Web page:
Coinciding with the KCCUK’s Artist of the Year exhibition, Spike Island in Bristol is holding a parallel solo show giving a retrospective of Kim Yong-ik’s work:
Kim Yong-ik: I Believe My Works Are Still Valid
Spike Island | 133 Cumberland Road | Bristol BS1 6UX | www.spikeisland.org.uk
30 September to 17 December 2017
Tuesday to Sunday 12pm to 5pm
Preview: Friday 29 September, 6–9pm
Kim Yong-ik (b.1947, Seoul) has, throughout his 40 year career, been preoccupied with how an avant-garde art might engage with society. Working during a turbulent period of dictatorship and struggle for democracy in South Korea, he developed a self-reflexive and deeply engaged practice that has had a profound impact on younger artists.
As a student trained by Park Seo-bo, a master of Dansaekhwa (Korean monochrome painting), Kim Yong-ik quickly became a prominent figure, being celebrated in the late 1970s for a series of airbrush paintings on unstretched canvases that relate to this tradition. By 1980, the military dictatorship in South Korea had become violently repressive; that same year, Kim completed a thesis on the seminal French artist Marcel Duchamp; and so, when invited to exhibit his paintings as part of the ‘Young Artists Biennial’ the following year, he folded his canvases into boxes, labelled them with the titles and dimensions of the works they held, and on arriving at the venue simply exhibited the boxes as a stack. As a refusal, this gesture was both a retort to the political situation and to the possibilities of art under such conditions.
The exhibition at Spike Island begins with these early works from the 1970s and shows the development of the artist’s increasingly experimental and individualised language through the 1980s, as the artistic scene in Korea became ever more polarised between a so called ‘people’s art’ — socialist and populist — and the avantgarde. It traces the ‘polka dot’ paintings of the 1990s and concludes with his ‘Coffin’ series, works that are shown with their wrappings and crates intact. Other works are weathered by the passage of time, or marked by the artist who consistently makes changes and additions to canvases and drawings.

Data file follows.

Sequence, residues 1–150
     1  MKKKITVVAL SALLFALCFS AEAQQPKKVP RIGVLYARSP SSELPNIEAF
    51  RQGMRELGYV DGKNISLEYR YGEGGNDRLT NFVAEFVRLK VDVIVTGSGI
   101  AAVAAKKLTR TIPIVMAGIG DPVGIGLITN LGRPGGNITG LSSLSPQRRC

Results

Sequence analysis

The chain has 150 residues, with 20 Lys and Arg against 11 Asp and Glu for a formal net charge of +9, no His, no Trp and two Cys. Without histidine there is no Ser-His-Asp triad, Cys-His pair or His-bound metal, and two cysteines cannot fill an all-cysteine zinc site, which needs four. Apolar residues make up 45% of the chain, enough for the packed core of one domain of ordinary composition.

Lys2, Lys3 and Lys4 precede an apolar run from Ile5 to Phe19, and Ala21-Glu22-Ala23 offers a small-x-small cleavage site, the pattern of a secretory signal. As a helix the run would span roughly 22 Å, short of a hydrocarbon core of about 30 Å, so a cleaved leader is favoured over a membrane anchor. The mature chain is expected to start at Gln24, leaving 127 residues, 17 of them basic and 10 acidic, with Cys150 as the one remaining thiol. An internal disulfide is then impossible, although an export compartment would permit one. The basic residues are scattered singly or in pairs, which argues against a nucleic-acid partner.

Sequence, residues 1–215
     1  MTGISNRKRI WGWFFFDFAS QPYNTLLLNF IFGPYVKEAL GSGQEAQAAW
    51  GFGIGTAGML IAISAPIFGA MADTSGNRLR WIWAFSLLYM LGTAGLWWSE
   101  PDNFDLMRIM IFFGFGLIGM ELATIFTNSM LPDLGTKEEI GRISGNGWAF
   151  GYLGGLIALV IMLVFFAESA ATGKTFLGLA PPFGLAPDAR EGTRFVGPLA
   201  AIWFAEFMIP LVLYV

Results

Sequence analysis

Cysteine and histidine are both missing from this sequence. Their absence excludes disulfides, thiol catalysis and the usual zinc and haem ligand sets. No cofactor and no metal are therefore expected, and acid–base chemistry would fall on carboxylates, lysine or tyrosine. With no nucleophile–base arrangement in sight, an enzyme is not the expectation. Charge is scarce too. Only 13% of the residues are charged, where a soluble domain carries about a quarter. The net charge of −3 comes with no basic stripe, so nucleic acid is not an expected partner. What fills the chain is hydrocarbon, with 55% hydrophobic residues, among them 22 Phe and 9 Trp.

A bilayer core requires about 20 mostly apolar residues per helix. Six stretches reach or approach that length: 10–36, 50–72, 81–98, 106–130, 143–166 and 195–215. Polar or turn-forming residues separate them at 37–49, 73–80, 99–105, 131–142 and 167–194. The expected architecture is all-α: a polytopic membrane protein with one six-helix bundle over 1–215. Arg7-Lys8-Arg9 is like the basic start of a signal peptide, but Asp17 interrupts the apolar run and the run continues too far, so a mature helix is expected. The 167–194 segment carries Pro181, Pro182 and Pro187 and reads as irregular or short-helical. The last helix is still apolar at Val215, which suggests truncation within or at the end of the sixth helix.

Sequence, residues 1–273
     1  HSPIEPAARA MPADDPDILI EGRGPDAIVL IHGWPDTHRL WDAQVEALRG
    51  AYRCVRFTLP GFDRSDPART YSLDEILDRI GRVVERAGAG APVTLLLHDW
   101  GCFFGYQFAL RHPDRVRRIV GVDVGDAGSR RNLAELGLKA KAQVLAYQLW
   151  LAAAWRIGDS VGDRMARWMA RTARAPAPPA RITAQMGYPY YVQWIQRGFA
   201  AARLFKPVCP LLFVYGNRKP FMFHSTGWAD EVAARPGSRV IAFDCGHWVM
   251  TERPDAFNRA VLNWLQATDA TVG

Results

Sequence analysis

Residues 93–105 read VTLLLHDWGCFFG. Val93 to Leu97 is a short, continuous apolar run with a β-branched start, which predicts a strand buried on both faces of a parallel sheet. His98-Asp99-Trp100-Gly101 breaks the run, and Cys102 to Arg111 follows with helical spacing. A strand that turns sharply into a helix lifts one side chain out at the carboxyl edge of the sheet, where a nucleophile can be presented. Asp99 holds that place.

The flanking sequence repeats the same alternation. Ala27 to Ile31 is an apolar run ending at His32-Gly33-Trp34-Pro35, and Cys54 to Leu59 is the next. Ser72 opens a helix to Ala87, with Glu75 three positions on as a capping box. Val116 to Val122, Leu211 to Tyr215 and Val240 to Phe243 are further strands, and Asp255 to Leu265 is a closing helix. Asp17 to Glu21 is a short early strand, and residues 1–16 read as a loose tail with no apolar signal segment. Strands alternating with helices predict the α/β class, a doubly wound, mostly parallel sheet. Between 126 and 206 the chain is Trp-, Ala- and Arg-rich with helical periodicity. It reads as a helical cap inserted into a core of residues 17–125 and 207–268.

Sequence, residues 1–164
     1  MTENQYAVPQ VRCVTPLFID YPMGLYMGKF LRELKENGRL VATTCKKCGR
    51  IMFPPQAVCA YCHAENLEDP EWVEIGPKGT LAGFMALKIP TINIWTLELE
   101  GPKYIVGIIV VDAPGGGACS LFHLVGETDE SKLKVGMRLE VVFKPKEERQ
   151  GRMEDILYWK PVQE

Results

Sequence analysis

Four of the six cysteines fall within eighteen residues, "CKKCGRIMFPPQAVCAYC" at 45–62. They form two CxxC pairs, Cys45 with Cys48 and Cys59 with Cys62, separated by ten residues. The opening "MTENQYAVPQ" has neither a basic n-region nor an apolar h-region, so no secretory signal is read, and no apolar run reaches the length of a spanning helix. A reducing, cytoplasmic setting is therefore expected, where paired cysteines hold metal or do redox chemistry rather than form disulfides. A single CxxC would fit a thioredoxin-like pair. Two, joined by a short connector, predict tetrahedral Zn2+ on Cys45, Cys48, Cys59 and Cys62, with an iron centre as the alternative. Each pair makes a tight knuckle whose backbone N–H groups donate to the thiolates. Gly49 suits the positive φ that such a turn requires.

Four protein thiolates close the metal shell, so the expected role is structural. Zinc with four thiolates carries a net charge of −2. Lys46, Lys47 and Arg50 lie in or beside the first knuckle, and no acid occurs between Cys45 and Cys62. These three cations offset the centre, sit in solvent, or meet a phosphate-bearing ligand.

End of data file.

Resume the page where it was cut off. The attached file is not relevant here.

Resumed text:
A partner exhibition takes place at the Korean Cultural Centre UK (KCCUK) from 26 September to 4 November 2017. The exhibitions are co-curated by Helen Legg, director at Spike Island and Dr Je Yun Moon, curator at KCCUK. They are the artist’s first exhibitions in Europe and are timed to coincide with Korea/UK season 2017-18, a celebration of the relationship between the UK and Korea which sees cultural events, exhibitions and activities taking place in both countries through-out 2017.
Kim Yong-ik was born in Seoul in 1947 and graduated from Hongik University in 1980 with an MFA in Painting. He served as a professor of Painting at the Arts and Design College in Kyungwon University from 1991 to 2012.
Selected solo exhibitions of Kim Yong-ik include his retrospective Closer…Come Closer… at Ilmin Museum of Art, Seoul (2016) andTimidly Resisting the No-Pain-Civilization at Art Space Pool, Seoul (2011). Group shows include the 5th Yokohama Triennale (2014); SeMA Gold 2012: Hidden Track at Seoul Museum of Art (2012); Timidly Resisting the No-Pain-Civilization at Art Space Pool (2011); Tripping the Balance at Anyang Public Art Project (2005); Gwangju Biennale (2002); Korean Pop at Sung-kok Art Museum, Seoul (1999); Yokohama Museum of Art (1983); the 13th São Paulo Art Biennial (1975), and a series of Independents exhibitions at the National Museum of Modern and Contemporary Art in Gwacheon from 1974 to 1979. His works are in the permanent collections the National Museum of Modern and Contemporary Art, Seoul Museum of Art, Leeum, Samsung Museum of Art, and Tokyo Metropolitan Art Museum among many others.